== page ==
Students in the Independence School District will have the ability to schedule a streamlined college career beginning as early as sophomore year, and plan on earning a bachelor’s degree only three years after high school graduation.
The district this week announced a partnership with the University of Kansas’ “Degree in 3” program alongside Metropolitan Community College, which has been participating for a year now according to Chancellor Kimberly Beatty.
“I have a feeling it is going well,” she said, explaining that after a first year of participation, the data on the program’s success is currently being collected.
The program tells students what classes they need to take in the second half of their high school career, as well as at MCC and KU if they know what major they want to pursue. Students can take classes knowing every credit will transfer and culminate in a degree. Getting a start on their degree in high school allows them to earn it in three years instead of the traditional four.
According to Beatty, MCC sees about 17,000 students each fall, and approximately 70 percent of the students who enroll at the community college do so with the intent of furthering their education after leaving. She said this number is about the national average for community colleges.
The benefit of participating in KU’s program, according to Beatty, is that students can begin their college career at MCC already knowing what classes they need to take during their time there.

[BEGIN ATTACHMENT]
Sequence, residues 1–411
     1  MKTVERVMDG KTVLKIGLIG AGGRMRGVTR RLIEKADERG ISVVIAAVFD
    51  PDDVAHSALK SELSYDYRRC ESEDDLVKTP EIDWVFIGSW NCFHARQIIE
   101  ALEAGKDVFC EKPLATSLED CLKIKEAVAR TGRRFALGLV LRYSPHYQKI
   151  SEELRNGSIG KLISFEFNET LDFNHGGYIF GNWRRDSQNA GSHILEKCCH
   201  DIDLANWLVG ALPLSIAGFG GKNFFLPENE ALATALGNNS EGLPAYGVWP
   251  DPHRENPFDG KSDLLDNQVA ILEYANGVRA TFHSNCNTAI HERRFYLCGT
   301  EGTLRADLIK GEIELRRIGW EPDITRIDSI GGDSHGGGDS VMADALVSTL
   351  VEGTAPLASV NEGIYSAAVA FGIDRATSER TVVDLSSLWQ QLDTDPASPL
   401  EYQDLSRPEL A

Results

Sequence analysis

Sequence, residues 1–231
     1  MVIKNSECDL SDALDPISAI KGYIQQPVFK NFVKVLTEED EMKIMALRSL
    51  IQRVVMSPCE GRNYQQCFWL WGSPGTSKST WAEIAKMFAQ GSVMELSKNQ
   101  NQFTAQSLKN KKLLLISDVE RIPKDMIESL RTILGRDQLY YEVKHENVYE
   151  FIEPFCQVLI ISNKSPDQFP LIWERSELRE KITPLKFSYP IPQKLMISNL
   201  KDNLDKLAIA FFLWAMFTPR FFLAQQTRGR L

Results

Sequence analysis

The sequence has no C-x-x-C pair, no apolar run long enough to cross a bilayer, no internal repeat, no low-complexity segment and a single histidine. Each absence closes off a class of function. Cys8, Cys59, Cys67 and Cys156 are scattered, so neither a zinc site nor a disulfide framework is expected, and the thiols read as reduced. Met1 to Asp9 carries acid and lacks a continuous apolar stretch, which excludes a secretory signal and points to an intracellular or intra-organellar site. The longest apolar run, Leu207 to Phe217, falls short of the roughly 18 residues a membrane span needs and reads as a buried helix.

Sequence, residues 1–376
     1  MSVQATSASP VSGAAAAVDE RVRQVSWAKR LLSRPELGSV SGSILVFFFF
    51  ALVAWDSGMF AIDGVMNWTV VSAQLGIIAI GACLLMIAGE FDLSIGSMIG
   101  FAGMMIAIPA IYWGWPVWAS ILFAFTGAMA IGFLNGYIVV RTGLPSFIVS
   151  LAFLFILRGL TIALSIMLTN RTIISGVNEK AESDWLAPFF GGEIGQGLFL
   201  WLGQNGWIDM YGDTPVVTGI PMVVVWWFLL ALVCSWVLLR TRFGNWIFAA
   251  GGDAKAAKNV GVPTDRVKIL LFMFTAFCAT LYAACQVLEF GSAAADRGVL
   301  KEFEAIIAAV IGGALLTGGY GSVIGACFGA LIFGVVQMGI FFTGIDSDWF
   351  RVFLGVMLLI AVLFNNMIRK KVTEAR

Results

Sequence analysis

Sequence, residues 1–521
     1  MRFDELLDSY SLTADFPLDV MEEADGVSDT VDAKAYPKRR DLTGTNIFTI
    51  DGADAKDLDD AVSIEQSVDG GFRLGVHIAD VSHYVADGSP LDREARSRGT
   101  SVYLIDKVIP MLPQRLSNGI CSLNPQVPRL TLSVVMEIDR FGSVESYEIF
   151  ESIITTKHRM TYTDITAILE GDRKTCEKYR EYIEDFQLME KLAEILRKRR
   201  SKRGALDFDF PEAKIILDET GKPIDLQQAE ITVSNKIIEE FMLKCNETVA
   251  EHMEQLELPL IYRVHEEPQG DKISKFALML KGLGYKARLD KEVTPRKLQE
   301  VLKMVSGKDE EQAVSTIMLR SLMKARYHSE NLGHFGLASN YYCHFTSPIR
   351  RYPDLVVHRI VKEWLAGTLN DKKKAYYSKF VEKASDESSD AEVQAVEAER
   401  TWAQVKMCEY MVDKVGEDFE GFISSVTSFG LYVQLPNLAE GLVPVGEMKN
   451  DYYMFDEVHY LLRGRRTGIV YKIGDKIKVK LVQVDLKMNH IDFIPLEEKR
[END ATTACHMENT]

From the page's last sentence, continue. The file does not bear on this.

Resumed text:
“It is a streamlined map for a student to take their courses in high school, MCC and then at KU,” she explained, describing it as a collaboration tool as well as a planning tool. While students have been able to take college credit courses in high school before, the collaboration with KU is the valuable tool, one the community college hasn’t had with any other universities up to this point, according to Beatty.
Dale Herl, superintendent of the Independence School District, said the program is as simple as the students signing up during their yearly class registration, when they select classes. Herl said the program “streamlines” the courses they take.
According to Herl, all of the district’s dual-credit classes, the ones that qualify for high school and college credit at the same time, already met MCC and KU standards, and no new courses needed to be added. With the requirements already in place, the district only needed to formalize the relationship between educational institutions.
According to the district, 719 dual-credit courses were taken in the 2018-19 school year.
Both Beatty and Herl agreed the program enables students to save a significant amount of money on their college careers, as students can also use their A-Plus hours to fund two years of free tuition at MCC. Combined with the head start they receive, this saves a significant amount of dollars.